In order to demonstrate the extent of unity amidst diversity that was present at the conference, the following list names all the organisations that were represented at the conference:

New South Wales:

  • Austral India League
  • Australian Institute of Sociology
  • Australian Railways' Union - Women's Auxiliary
  • Australian Labor Party (Official)
  • Australian Labor Party (State)
  • Australian Labor Party (Concord West Branch)
  • Australian Federation of Women Voters (N.S.W. Committee)
  • Australian Association of Scientific Workers (N.S.W. Division)
  • Australian Women's Party
  • Amalgamated Hospital Employees' Association
  • Amalgamated Engineering Union
  • Board of Social Studies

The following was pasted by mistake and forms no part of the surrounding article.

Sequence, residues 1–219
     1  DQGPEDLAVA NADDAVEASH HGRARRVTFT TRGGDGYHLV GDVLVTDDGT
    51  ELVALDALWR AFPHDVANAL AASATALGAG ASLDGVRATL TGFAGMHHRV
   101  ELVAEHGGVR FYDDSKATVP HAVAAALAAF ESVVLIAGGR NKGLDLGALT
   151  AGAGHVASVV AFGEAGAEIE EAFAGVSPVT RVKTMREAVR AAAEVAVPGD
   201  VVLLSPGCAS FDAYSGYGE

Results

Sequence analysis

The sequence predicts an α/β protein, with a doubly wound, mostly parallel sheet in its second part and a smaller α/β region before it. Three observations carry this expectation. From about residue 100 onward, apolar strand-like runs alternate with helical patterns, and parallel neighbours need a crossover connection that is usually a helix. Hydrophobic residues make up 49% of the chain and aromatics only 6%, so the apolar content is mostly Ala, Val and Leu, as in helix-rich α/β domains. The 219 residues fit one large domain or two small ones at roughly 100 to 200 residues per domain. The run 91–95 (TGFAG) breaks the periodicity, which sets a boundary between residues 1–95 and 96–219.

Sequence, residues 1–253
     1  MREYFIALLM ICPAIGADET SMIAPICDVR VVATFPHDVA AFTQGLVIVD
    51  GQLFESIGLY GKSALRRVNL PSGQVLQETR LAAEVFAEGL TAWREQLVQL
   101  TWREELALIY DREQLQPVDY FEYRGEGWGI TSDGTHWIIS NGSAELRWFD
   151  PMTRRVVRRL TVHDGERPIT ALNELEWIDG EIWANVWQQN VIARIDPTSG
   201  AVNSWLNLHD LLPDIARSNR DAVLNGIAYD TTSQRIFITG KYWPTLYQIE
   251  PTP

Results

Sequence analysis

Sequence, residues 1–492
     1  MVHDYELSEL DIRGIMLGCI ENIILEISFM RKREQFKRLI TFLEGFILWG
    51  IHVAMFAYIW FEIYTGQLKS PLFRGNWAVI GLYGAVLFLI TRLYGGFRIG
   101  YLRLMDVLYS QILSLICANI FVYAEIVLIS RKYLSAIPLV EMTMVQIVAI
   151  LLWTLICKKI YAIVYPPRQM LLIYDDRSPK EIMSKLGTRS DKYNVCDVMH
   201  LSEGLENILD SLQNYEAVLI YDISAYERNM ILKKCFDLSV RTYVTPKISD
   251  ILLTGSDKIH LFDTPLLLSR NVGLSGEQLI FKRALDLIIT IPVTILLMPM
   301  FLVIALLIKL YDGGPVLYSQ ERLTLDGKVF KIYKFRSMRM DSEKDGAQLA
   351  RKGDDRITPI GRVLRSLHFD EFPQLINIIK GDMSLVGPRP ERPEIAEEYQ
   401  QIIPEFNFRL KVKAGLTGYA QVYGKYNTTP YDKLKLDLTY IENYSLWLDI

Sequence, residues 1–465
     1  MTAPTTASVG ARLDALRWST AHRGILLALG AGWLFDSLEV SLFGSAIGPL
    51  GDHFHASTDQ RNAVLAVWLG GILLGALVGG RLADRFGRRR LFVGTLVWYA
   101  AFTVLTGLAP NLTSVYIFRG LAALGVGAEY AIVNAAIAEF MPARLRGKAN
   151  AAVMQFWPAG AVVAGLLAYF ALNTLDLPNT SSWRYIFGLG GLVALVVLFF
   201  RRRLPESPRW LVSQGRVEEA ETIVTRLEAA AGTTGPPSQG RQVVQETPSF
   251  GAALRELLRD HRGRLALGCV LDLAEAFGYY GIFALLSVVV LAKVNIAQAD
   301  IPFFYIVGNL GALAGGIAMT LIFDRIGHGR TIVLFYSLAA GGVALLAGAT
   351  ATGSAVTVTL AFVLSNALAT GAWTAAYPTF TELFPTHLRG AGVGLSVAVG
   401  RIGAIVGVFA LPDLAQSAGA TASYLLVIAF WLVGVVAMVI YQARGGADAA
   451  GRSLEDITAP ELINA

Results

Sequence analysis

• Balmain Council - Alderman Gallimore
  • Bankstown Women's Committee
  • Communist Party
  • Care of the Child in Wartime Committee
  • Commonwealth Temporary Clerks Association
  • Council for Women in War Work
  • Christian Social Order Movement
  • Domestic Employees' Union
  • Fellowship of Australian Writers
  • Friendship with Russia League
  • Federation of Infants' School Clubs
  • Friday Club
  • Girls Friendly Society
  • Glebe Council - Alderman Pitt
  • Greenwich Women's Committee
  • Guildford Comforts Fund
  • Granville Mothers' Club
  • Hairdressers' Union
  • Hotel, Club and Restaurant Employees' Union
  • Humane Movement
  • Ironworkers' Union
  • Municipal and Shire Council Employees' Union
  • National Council of Jewish Women
  • New Education Fellowship
  • Our New Order
  • Presbyterian Women's Federation
  • Printing Industries Union
  • Roseville Group, United Associations of Women